In what will eventually be known as the first steps for the future of Tysons Corner for at least the next 30 years, Vienna's Town Council welcomed members of the Tysons Corner Land Use Task Force on Monday for an informational session focusing on development plans for the area following Metrorail expansion.
"We are charged to do public outreach programs and get as many people involved and giving input on the changes that will comes to Tysons in the coming years," said Clark Tyler, chairman of the Fairfax County-appointed task force. "I don't think anyone is counting on the fairy to show up and say here are your three wishes — so we're going to need as much input from the people who this will affect as we can get."
The presentation included participation from developer PB Placemaking, an organization currently working on proposals for the region.
With a Metrorail expansion due sometime in the next several years — either below ground or above — Fairfax County's Board of Supervisors created the task force to conduct a comprehensive study of the development of the area with the assistance of local residents, business owners, developers and county officials. The 36-member group, formed in March 2005 and slated to run until early 2008, has been tasked by the county to update the Tysons Corner Comprehensive Plan, originally drafted in 1994, to meet the requirements of a new Metro-oriented region. Specifically, the group is re-evaluating existing zoning in the region and contemplating reclassification if officials believe that a development would be suitable for the region.
The groups' main objectives are to use public input to "improve the functionality of Tysons," while promoting pedestrian and public transportation and infrastructure adjustments to help mitigate increasing traffic levels, said Tyler.
"It doesn't take a math genius to figure out that this [kind of development] causes a traffic problem," he said, pointing out the need for planning on alternatives to driving so that the developments don't "just put a whole new bunch of cars on the streets."
The total square footage of building space in Tysons Corner is projected to grow from approximately 46 million to as much as 75 million square feet following the establishment of the four proposed Metro stops in the region, Tyler added. The development will boost the total numbers from the 17,000 people who currently live in Tysons Corner and the 100,000 who work there, he said.
AS VIENNA'S INCORPORATED limits sit at the southwestern border of Tysons Corner, the Town Council and residents have been working with the task force and county officials to make suggestions about the massive development that is expected to take place in Vienna's back yard over the course of the next several years.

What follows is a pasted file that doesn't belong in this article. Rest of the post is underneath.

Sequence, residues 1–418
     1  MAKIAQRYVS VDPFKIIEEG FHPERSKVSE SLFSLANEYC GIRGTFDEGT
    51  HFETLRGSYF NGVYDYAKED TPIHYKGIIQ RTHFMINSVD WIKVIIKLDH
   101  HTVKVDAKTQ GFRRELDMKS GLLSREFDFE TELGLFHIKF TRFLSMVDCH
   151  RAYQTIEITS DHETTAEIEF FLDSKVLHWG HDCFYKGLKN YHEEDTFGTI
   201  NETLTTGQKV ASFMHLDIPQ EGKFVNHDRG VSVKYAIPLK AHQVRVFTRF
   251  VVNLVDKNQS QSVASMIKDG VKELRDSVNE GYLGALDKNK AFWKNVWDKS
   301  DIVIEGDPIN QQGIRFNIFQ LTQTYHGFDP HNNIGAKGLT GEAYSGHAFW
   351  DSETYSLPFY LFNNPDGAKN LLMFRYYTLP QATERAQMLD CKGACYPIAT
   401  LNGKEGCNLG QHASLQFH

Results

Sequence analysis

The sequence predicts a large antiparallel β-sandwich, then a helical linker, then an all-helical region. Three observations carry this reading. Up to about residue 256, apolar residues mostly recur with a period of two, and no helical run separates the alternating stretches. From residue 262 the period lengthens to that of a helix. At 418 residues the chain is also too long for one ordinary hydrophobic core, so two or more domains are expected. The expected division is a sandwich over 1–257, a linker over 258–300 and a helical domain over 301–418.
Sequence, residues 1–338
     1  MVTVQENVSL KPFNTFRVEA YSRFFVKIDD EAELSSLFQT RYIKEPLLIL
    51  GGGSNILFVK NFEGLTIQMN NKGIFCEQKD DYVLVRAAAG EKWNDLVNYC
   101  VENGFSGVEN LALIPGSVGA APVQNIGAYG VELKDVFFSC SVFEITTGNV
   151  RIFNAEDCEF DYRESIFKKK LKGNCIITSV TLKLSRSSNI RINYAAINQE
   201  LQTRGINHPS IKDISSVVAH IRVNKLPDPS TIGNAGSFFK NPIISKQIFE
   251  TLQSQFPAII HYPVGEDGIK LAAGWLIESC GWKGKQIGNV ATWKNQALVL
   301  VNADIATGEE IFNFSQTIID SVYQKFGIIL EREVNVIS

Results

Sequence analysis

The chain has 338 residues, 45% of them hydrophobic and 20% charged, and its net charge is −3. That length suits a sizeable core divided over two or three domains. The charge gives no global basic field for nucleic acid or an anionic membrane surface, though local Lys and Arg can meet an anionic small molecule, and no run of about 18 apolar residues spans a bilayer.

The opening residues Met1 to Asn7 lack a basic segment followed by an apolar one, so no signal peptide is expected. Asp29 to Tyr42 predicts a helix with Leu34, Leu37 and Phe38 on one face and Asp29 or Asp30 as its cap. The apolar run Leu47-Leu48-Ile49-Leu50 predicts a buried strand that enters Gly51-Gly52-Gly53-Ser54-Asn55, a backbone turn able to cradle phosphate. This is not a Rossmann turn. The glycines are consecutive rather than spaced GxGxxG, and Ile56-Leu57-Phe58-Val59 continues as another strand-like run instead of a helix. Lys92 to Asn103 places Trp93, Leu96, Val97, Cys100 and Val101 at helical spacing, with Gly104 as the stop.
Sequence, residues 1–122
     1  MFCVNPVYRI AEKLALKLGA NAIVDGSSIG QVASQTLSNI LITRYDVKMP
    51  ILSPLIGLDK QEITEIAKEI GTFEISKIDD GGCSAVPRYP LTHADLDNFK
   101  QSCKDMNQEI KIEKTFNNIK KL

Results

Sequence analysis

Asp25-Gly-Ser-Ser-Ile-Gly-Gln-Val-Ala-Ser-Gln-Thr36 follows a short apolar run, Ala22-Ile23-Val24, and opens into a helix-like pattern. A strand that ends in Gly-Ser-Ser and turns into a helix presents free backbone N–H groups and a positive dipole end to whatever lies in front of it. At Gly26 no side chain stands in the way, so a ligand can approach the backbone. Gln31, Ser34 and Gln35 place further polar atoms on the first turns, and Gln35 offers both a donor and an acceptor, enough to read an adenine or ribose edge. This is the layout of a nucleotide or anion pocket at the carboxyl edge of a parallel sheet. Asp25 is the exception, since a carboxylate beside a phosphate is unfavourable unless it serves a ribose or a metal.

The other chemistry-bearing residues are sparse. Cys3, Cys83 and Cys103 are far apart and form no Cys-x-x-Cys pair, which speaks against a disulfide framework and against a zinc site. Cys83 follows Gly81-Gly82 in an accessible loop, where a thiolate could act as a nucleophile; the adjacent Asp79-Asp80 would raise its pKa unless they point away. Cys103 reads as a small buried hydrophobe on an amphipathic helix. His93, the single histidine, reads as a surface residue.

"We want to let people know what the process is and when their opportunities will be to provide us with their input and get involved," said Sterling Wheeler, chief of policy and plan development for Fairfax County's Department of Planning and Zoning. "They mayor asked us to come here and see if we can get some information out."
The task force already met with town residents and officials at the Vienna Community Center in a "community dialogue" last year to discuss some of the concerns and requests, according to Wheeler. The session was the most popular of any of the 20 held in several regions inside and bordering Tysons Corner, with about 90 residents, including the mayor and several elected officials participating, he added.
Now, the project has moved into a further stage where residents looking to participate further in the process will be offered the opportunity to attend workshops to discuss "three distinct futures" for Tysons Corner and "identify issues" important to residents next month, according to Wheeler.
FINDING A WAY to manage development so that it does not overwhelm pre-existing infrastructure and basic community resources was the key issue for council members following the presentation.
"Right now, it looks pretty tidy in terms of the development on paper," said council member George Lovelace, "but the concern I have, even though we're supposed to get all this transportation, what do we do in the meantime during this 10- to 15-year development period?"
Lovelace suggested that the task force work to find and develop alternate traffic routes so that Vienna traffic, particularly on Route 123, which runs directly into Tysons Corner, does not become even more congested.
Some of the ideas in the works for Tysons Corner include promoting a heavily pedestrian lifestyle through dense mixed-use properties and "urban grid" style streets as well as a large amount of public transportation, including shuttle buses, to circulate regularly through the area, according to Tyler.
"I think our main concern here from getting out and talking to the residents is in making sure that our boundary stays where it is," Mayor M. Jane Seeman said. "We can't build a wall around ourselves ... and the further development we have the greater need we'll have for things like infrastructure, [available] utilities and public safety."
Tyler responded to Seeman's concern by telling her that there is absolutely no desire to allow for any rezoning outside of the immediate area of Tysons, citing that his own house lies right on Tysons Corner's border with McLean.
Vienna resident Dorothy Pech, who attended the work session presentation, said that she felt satisfied with all the concerns and suggestions being voiced by council members.
"Thankfully I don't have to drive through that area everyday, so obviously some of this wouldn't affect me as much as others," Pech said, "but I thought the council brought up a lot of great points."
But Pech did add a word of caution.
"All these things look good on paper, but I guess you always have to wait and see," she said. "Luckily this project isn't due for quite some time … so I don't think we have to worry about it too much at the moment."